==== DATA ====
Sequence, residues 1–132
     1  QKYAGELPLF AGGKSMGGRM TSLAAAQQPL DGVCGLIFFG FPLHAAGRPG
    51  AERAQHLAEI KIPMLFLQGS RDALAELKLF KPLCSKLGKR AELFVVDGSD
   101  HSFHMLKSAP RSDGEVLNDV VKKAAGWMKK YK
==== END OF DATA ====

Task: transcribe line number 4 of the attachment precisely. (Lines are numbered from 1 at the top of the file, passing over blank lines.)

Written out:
   101  HSFHMLKSAP RSDGEVLNDV VKKAAGWMKK YK